The way both teams' defenses are playing, this one has the potential to be an up-and-down shootout, so expect Georgia to try and find ways to steal a possession and grab momentum early. Onside kicks, trick plays, Mark Richt will do whatever he can to make sure that red crowd stays loud.

Data Point

(Warning: language. Yes I know Samuel L. Jackson is a very famous Georgia fan. I don't care.)

Poseur and Gin Rummy speak the truth, especially with regards to this LSU team. We don't know what we don't know yet. Is the defense truly bad? Maybe. LSU is currently outscoring teams 62-3 in the first quarter, so we know that they have at least been good enough to help LSU build some nice leads. But that margin drops to 41-34 in the second quarter, so we know it's also not the kind of dominating unit we've been used to seeing the last few years.

What's more, Georgia has the kind of offense that could score points on any defense, regardless of quality.

Likewise, as good as LSU's offense as looked, there's a Kent State and a UAB on that schedule. That has to be considered as well. Yes, the passing game has looked ruthlessly efficient, and the running game appears ready to blow up as Jeremy Hill rounds into midseason form. But we don't know yet. This game will tell us a lot, not only about team quality, but also the personality and mindset of these players. Are they ready to shake off the inconsistencies, learn from mistakes and raise their game to meet a quality opponent?

There are still personnel questions we to find out as well. Who is the No. 2 back on this team behind Hill? Is there another bonafied receiving target besides Odell Beckham Jr. and Jarvis Landry? A playmaker in the front seven that can create havoc behind the line of scrimmage?

We're about to find out.

Picking Poison

Georgia defensive coordinator Todd Grantham's had an interesting tenure in Athens. Came out like a house of fire with top-25 defenses in years one and two. But despite the best defensive player in the SEC and multiple NFL talents, the Dawgs really struggled last year and allowed 20 or more points a whopping eight times, including four games over 30.

Through three games, the 2013 returns are not good for a young group. A combined 921 yards allowed to Clemson and South Carolina, before holding North Texas to just 245 yards last week. The Bulldogs are allowing more than four yards per carry, and haven't held a single quarterback under a 60 percent completion rate.

The way LSU is executing in the run and passing game, it presents a very interesting choice for Grantham. His typical MO at Georgia has involved a lot of cover-two defense, with both safeties deep. It puts a premium on the front seven to handle the running game on its own, and this Bulldog front, which is a bit lighter compared to years past, hasn't always been up to the task. That's ratcheted up even more with LSU coming in with Jeremy Hill and a running game that's rushed for 535 yards combined the last two weeks.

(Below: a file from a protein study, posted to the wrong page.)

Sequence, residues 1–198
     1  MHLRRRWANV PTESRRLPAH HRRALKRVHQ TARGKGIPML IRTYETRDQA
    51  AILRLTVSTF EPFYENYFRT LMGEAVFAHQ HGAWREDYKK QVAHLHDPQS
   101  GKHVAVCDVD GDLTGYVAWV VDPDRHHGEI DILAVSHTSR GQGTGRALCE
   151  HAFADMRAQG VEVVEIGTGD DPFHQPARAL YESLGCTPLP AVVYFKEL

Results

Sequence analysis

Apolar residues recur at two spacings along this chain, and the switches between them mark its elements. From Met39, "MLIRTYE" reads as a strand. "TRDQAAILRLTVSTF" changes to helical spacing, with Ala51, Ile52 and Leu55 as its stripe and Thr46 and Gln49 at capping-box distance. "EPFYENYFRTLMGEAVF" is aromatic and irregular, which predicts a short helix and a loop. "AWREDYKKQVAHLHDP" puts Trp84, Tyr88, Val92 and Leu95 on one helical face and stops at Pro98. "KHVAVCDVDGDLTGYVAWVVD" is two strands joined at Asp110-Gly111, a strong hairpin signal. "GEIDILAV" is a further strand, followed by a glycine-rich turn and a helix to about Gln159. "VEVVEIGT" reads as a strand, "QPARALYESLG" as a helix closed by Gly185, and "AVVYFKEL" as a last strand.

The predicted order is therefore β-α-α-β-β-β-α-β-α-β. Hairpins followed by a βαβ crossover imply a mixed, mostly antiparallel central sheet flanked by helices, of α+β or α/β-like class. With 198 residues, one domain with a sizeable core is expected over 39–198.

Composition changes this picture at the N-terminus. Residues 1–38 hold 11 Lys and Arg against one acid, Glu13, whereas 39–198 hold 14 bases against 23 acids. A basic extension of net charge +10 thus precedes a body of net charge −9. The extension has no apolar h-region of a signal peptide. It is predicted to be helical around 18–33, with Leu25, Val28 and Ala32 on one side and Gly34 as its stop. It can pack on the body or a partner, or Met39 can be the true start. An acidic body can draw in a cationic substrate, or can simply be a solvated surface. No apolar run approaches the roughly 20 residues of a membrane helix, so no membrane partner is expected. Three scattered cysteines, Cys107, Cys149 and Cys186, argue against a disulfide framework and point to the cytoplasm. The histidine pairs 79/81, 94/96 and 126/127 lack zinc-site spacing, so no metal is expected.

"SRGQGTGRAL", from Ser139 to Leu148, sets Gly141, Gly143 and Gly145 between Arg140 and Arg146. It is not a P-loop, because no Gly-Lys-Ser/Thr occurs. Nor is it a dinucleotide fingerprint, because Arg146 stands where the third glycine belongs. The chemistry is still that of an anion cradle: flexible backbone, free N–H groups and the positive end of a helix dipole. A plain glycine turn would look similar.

But if you try to creep a safety down in the box, it puts cornerbacks Damian Swann and Brendan Langley in one-on-one matchups with ODB and Juice. And that's a clear mismatch. Georgia's corners are allowing an average of 10 yards per attempt on first-down passes, and LSU's top two wideouts have put on a clinic through four games this season. LSU is averaging 12.6 yards per passing attempt on first down, and converting more than half of their third-down attempts, with Landry catching 10 of his 24 passes in those situations.

Look for LSU to try and pound on the short and intermediate routes on early downs, particularly the slant and comeback route (which has been nearly indefensible this season), in order to set up some double-move routes later on that allow Beckham to attack down the field. Big plays are always the best way to shut up a crowd in an environment like this. And between the passing match-up and special teams -- an area in which Georgia has really struggled -- this has a chance to be a game that puts ODB on the national map.

Of course, if Grantham is determined to give his corners help, he risks allowing his front seven to get gashed by LSU's running game and Hill. I expect LSU's offense to take whatever is given to them at the line, be that the run or the pass. That could also extend to the tight end position in the middle of the field. For all the talk about finding that third target, the beauty of having a two wideouts playing as well as Beckham and Landry is that for a defense to try and take away both guys, they will almost certainly have to leave somebody else open. Travis Dickson is currently averaging about 30 yards per catch, and we might see his target rate go up on Saturday. DeSean Smith could also see some snaps as a pass-catching tight end. Travin Dural is yet to see a significant role as a down-field threat, and we know that Hill can be a dangerous receiver out of the backfield as well. This offense has done a great job, but as I've talked about, there are things we haven't seen yet.